The fast expansion of the Capuchin Order took place from the beginning of the fifteenth century. In 1632, the French Capuchin Friars came as chaplains to French army personnel in Pondicherry and later they moved to Madras. Many churches and parishes in present-day Pondicherry-Cuddalore and Madras-Mylapore dioceses bear witness to the missionary and pastoral work of French Capuchins. After a few decades of service, their mission ended abruptly. Later in the late 19th Century, with Canadian, American, Italian Capuchin working in Central and North India, Capuchin presence was revived in India. With the founding of the Novitiate in Mussoriee and Sardhana, later shifted to Mangalore in 1922, the number of native Indian vocations to Capuchin Order gradually increased. By 1963, Indian Province of Immaculate Conception of Mary was formed. In 1972, around 400 friars were there and the Indian Province was divided into four jurisdictions, namely St.Francis Province of Kerala, St.Joseph’s Province of Kerala, Holy Trinity of Karnataka, Maharastra and Goa, and Amala Annai Province of Tamil Nadu. As of now in 2018, there are 12 provinces in India, 2 custodies and 4 mission delegations, with around 1670 friars. Many provinces have sent their friars to mission countries. There is a Conference of Capuchin Major Superiors of India (CCMSI) which takes of the animation of the provinces.

The General Curia is situated in Rome. The General Minister and his 9 councillors animate the entire order present in all five continents, with around 10,600 friars. There is a general councillor specially designated for India who conducts canonical visitations of the provinces and animates them. The General Curia has a number of offices, like formation, economy, mission animation, communication, secular Franciscan order animation, postulation, procura, Justice-Peace, etc.

Capuchin History

The Order of Friars Minor (Franciscans), in its attempt to remain faithful to the intentions of the founder, St. Francis of Assisi, went through many difficulties in the course of its history, which led to disagreements and divisions. The three major branches of the First Order for Religious men, the Franciscan Friars Minor, the Conventual Friars Minor and the Capuchin Friars Minor have their own organization and legal structure, but share Francis as their Father and Founder. The Capuchins are the youngest branch, going back to 1525, when some Friars Minor in the Marches wanted to live a stricter life of prayer and poverty to be closer to the original intentions of St. Francis. Thanks to the support of the Papal Court the new branch received early recognition and grew fast, first in Italy, and since 1574 all over Europe.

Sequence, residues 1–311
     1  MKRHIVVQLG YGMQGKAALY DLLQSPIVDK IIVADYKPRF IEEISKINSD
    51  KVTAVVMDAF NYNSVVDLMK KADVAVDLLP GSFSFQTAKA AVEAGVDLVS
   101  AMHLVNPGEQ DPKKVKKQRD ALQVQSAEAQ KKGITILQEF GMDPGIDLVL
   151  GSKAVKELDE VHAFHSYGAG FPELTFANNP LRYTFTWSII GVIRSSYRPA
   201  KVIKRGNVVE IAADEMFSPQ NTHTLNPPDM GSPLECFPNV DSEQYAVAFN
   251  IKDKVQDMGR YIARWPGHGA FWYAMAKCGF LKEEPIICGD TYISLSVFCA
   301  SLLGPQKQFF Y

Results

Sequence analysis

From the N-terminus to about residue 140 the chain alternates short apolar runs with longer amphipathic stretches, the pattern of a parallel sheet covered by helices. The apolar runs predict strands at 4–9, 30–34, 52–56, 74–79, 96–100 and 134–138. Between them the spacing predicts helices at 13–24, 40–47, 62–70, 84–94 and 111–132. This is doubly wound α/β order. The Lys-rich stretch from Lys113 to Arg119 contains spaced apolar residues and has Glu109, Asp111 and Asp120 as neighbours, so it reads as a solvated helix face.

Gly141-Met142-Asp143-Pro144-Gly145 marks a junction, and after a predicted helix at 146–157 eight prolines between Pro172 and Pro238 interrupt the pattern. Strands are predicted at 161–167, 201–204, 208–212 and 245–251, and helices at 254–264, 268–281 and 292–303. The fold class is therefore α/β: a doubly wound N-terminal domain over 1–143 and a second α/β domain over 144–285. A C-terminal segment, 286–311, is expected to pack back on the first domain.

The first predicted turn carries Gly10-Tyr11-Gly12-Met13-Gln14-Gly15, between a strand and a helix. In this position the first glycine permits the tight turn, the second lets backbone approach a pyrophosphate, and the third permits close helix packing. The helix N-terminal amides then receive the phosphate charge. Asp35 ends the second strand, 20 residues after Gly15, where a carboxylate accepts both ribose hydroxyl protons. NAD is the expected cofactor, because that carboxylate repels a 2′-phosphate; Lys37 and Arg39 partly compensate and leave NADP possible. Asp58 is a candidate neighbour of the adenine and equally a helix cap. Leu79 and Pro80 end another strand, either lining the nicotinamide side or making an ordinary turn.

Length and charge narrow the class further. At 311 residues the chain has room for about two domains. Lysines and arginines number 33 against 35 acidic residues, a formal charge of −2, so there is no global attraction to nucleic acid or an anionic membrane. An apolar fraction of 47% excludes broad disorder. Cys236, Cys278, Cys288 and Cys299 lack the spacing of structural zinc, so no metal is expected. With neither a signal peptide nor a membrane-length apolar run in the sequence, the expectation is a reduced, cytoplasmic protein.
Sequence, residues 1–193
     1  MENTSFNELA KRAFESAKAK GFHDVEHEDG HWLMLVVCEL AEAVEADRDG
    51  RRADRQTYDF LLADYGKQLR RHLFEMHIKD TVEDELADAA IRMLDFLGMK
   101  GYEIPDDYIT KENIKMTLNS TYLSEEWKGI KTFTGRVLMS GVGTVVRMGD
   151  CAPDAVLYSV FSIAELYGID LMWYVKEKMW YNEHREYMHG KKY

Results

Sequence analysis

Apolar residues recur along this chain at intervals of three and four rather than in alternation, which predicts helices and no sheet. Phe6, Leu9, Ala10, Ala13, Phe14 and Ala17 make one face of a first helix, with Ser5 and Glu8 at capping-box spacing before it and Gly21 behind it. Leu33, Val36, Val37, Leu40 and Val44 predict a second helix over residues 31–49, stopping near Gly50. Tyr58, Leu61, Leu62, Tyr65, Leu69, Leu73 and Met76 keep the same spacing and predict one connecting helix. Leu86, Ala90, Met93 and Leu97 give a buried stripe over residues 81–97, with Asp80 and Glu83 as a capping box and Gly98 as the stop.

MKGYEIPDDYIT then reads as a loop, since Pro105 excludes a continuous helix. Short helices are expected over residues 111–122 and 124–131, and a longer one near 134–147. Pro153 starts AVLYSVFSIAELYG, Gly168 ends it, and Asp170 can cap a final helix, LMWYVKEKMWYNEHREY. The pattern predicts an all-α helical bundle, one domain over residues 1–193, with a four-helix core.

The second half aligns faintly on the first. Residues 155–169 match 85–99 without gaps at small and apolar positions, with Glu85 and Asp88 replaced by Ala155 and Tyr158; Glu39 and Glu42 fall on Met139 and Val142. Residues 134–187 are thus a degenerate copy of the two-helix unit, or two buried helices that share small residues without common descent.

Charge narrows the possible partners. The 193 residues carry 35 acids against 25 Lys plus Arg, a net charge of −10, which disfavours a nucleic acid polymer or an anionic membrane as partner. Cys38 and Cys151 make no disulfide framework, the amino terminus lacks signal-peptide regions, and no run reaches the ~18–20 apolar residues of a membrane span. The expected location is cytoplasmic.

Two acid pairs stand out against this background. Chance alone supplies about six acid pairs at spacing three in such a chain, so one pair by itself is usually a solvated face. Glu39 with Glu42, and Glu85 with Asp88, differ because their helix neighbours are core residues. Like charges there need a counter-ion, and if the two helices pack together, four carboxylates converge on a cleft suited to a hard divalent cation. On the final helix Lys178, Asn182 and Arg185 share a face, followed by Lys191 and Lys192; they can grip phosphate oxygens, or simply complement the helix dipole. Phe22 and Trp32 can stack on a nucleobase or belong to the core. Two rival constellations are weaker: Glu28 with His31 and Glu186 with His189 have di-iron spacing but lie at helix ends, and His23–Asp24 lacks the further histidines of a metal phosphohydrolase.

The name Capuchins refers to the peculiar shape of the long hood. Originally, a popular nickname, it has become the official name of the Order, which now exists in 104 countries all over the world, with around 18,000 brothers living in more than 1,800 communities (fraternities, friaries). Simplicity, closeness to the people, a fraternal spirit in our houses and our apostolate are visible signs that mark our lifestyle, while the emphasis on penance and prayer in the life of the first Capuchins needs to be revived. Besides the Capuchin Order for Religious men, there exist many contemplative monasteries of Capuchin nuns and a multitude of religious congregations for women with the Capuchin spirit, often founded with the assistance of a Capuchin friar. The Secular Franciscan Order for lay people is an independent organization encompassing the whole Franciscan spectrum. Franciscans, Conventuals, Capuchins and other members of the Franciscan Family give spiritual assistance to the Secular Franciscan Order. All these groups of professed religious and secular Franciscans form the Franciscan Family.